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501 of 515 people found the following review helpful
5.0 out of 5 stars Beauty, Ferocity, Joy and Sorrow
Having lived in Fairbanks, Alaska for 44 years, I was very anxious to read this book. It has an Alaskan theme and is touted as being written in the style of magical realism. I love literary fiction that is rich in characterization and language and this book has an abundance of both. It is bound to be one of the best books I'll read in 2012. The story is beautifully...
Published on January 26, 2012 by Bonnie Brody

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145 of 163 people found the following review helpful
3.0 out of 5 stars A letdown
First, I will agree with others in that this was a book I could not put down, I stayed up a good portion of the night to finish it. The fantastical elements are, for the most part, believable and beautiful--many things in life straddle the line between reality and magical. However, I totally agree with the reviewer who wrote: "Although the novel starts out strong,... the...
Published on March 4, 2012 by Ellen Marie Murphy


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501 of 515 people found the following review helpful
5.0 out of 5 stars Beauty, Ferocity, Joy and Sorrow, January 26, 2012
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This review is from: The Snow Child: A Novel (Pulitzer Prize in Letters: Fiction Finalists) (Hardcover)
Having lived in Fairbanks, Alaska for 44 years, I was very anxious to read this book. It has an Alaskan theme and is touted as being written in the style of magical realism. I love literary fiction that is rich in characterization and language and this book has an abundance of both. It is bound to be one of the best books I'll read in 2012. The story is beautifully rendered and rich with metaphor. I could hardly bear to put it down.

Mabel and Jack are homesteaders who come to Alaska rather late in their lives. They are both close to fifty years old when they begin their Alaskan venture near the Wolverine river way in the backcountry. The story opens with Mabel contemplating suicide. She describes Alaska after her failed suicide attempt as a place of "beauty that ripped you open and scoured you clean so that you were left helpless and exposed, if you lived at all". She and Jack are growing apart rather than closer and she misses him desperately. Slowly, they become friends with their closest neighbors, Esther and George, and this helps Mabel some. However, she says of Jack, "they were going to be partners, she and Jack. This was going to be their new life together. Now he sat laughing with strangers when he hadn't smiled at her in years".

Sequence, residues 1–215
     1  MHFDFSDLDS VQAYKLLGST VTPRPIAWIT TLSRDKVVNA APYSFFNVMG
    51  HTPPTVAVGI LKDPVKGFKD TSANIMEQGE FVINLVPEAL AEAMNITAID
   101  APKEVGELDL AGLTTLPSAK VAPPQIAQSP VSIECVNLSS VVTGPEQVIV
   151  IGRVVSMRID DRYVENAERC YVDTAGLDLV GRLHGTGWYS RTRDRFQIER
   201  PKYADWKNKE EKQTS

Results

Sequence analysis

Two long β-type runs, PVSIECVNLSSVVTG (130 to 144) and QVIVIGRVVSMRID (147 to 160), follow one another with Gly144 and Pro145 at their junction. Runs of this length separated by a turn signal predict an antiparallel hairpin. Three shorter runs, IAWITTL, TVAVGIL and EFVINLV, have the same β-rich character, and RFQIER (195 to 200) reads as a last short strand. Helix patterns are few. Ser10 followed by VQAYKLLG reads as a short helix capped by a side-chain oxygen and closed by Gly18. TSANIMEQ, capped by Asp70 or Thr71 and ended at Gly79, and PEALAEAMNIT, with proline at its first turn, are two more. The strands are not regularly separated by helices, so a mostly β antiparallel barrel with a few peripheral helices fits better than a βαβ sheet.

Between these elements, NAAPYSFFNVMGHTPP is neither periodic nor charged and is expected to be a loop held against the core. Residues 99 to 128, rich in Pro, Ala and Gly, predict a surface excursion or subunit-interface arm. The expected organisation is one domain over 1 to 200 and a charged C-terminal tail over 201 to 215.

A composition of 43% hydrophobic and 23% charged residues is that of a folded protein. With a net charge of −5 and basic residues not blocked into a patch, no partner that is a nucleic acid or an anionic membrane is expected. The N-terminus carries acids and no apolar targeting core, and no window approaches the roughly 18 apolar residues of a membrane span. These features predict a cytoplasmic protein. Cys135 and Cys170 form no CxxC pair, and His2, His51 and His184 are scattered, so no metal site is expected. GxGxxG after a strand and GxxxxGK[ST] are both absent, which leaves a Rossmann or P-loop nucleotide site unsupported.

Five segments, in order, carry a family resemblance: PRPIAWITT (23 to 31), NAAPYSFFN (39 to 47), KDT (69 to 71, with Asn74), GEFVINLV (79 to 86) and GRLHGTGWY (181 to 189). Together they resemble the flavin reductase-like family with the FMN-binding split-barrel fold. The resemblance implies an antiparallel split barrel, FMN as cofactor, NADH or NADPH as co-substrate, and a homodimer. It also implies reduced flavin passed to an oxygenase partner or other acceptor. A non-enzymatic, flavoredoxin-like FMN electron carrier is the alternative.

Mabel comes from an intellectual family - her father is a professor of literature at the University of Pennsylvania. She feels lonely and empty in her cabin. Just before they came to Alaska she gave birth to a stillborn boy. This was one of the primary reasons she wanted to get away from her family. She felt they were always looking at her and judging her as wanting, talking about her as not being a strong woman. Jack is busy with clearing and farming the homestead and he won't let Mabel help with this. He sees her job as staying in the house to cook, clean and bake her pies. They are barely making ends meet and Jack is contemplating taking a part-time job in a mine next year. Their situation is dire.

The wilderness is described in an awe-inspiring ferocity of beauty and fear. "Wherever the work stopped, the wilderness was there, older, fiercer, stronger than any man could ever hope to be. The spindly black spruce were so dense in places you couldn't squeeze an arm between them, and every living thing seemed barbed and hostile." "Alaska gave up nothing easily. It was lean and wild and indifferent to a man's struggle." Alaska's beauty is also described wonderfully - the northern lights, the wild animals, the rivers, waterfalls, snowfalls and alpenglow. "Maybe that was how a man held up his end of the bargain, by learning and taking into his heart this strange wilderness - guarded and naked, violent and meek, tremulous in its greatness."

The work is too hard for Jack and Mabel is suffering from cabin fever. One night, however, in a lightness of spirit, they decide to build a snow child. It turns out to be a girl with a lovely face, blond hair, blue eyes and chiseled lovely features. Mabel gives it mittens and a scarf as well. Shortly after building the snow child, they begin to see a child darting in and out of the trees. The snow child they built has disappeared and the child they see running around is wearing the same clothes as their snow child had been given. Is she real or is it a hallucinatory figment of cabin fever and overwork? Mabel and Jack see the child, follow her footprints in the snow and even get to meet her. However, no one else has ever seen her and there is no other family living near them with a girl child. Where has she come from and where does she live?